Many of Australia’s telecommunications providers have been trying to turn themselves into tech and media content companies, but industry spectators have an ambitious idea for the incumbents. All the telcos are facing an increasingly competitive and disrupted environment, with squeezed margins and the National Broadband Network adding a further level of complexity to what it means to be an internet service provider.
Major provider Singtel Optus wants to become a “mobile-led multimedia organisation”, while market leader Telstra has talked up its future in technology, despite a failed investment in US-based video start-up Ooyala. Investment analysts at Morgan Stanley have a different plan, suggesting the energy space might have more opportunities for large telcos than competing with Amazon, Google and Facebook.
Telstra, for instance, with prior customer relations with 5.4 million households in Australia, already dwarfs the biggest retail energy company in the country, with 4.2 million households, a recent research note from the analysts explained.
Many telcos already offers bundles of mobile, broadband and Pay TV, so this would add a further product to the mix – energy. There are significant benefits to offering bundles for households, and smaller telecommunications companies have already started to make a play in the energy market for this reason.
In New Zealand, an example of this already exists with TrustPower, the country’s fifth largest electricity generator and fourth largest electricity retailer, and an internet service provider. And in Australia, Vocus and Amaysim have moved into becoming energy retailers, able to sell energy products to their mobile and broadband customers and vice versa. This is known as “cross-selling”.
By cross-selling, a company can improve its average revenue for each household it signs up, lower its costs in attracting them in the first place and, in theory, improve its retention of these customers.
But could telcos go one step further and become an owner and operator of energy assets? The Morgan Stanley research suggests this could be a lucrative approach. A $10 to $20 billion investment in energy assets from Telstra could “make sense” for increasing profits and strengthening its balance sheet and earnings as the National Broadband Network’s impacts are felt.
Telstra has acquired some energy assets, though so far this has been to cover its own electricity usage. Electricity and broadband comparison site Canstar Blue spokesman Simon Downes said it made “natural business sense” for major telcos to want to sell more services, though wasn’t an easy leap.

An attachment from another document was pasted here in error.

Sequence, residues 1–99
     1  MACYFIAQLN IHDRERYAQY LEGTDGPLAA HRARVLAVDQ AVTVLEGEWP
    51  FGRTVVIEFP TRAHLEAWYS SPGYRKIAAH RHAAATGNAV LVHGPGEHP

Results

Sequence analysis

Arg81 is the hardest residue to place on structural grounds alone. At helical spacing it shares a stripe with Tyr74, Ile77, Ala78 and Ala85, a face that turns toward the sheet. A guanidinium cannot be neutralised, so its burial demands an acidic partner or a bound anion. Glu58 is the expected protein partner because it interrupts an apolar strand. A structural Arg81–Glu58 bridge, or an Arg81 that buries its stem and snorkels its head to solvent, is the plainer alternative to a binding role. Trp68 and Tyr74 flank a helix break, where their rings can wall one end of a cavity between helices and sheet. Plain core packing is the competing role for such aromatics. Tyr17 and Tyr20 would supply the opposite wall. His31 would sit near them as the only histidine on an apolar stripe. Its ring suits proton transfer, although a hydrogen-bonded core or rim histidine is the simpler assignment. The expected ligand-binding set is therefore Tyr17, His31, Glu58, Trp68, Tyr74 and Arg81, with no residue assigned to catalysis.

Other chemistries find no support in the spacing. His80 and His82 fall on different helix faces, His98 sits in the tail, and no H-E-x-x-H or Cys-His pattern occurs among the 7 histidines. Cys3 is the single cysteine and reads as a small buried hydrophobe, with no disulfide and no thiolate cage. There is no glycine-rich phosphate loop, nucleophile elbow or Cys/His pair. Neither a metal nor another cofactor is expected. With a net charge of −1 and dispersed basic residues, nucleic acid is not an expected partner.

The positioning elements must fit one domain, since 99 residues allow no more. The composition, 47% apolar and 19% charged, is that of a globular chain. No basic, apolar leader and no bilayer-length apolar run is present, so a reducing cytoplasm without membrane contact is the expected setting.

“If you’re a service provider you’d be looking at energy retailing as a potential gold mine,” Mr Downes said. “You can understand the appeal of a single provider, but they’ve got to come up with a compelling offer to get customers to go along with it.”
One way customers can benefit is having the option to get all the household bills in one bundle and, potentially, at a discount. Trustpower general manager commercial operations Chris O’Hara in a 2015 presentation said customers wanted the comfort, convenience, connectivity and value of multi-product bundled offerings. More than half its new customers in New Zealand were taking two or more products and multi-product customers are less prone to “churn”.
Churn is where customers stop using the company or their products. Driving lower churn is a major objective of most utility and telecommunications companies and, usually, customers who are on bundles have more loyalty to a company.
Dylan McConnell, a research fellow at the Climate and Energy College, said the energy and telecommunications industries are both utilities-based and have a major role in billing customers. “People talk about one of the innovations in the electricity space is to have your bill structured more like a phone plan, so it would make sense to have this tie up,” he said.
In April 2017, Amaysim acquired Click Energy for $120 million with plans to cross-sell products to customers. Amaysim chief executive Julian Ogrin told Fairfax Media the plan was to make the “digital experience” seamless and to become the “remote control” of the smart home. Customers would log on and have access to their mobile, broadband and utilities bills and usage all in one place.
At the time of launch, Mr Ogrin said it was an opportunity to target 8 million homes during the forced migration to the NBN by 2020, and allowing them to discuss energy, mobile and NBN products with these customers at the same time.
One of the potential hurdles around bundling together these two services is in building customer services. An energy industry source warned it would take a major mind shift from talking about mobile and broadband plans with customers to talking about electricity, with no greater alignment than with any other billing industry, such as insurance.
Mr Downes also queries how customer service teams would manage to have the knowledge of all aspects of the business, and warned the combination of services may actually hurt consumers in the long-term. “In the energy space, prices move so fast compared to mobiles and broadband, so if you put all your eggs into one basket it could lead to trouble further down the path. You could end up paying the lazy tax.”
(Sumber: Smh.com.au)/Maret 2018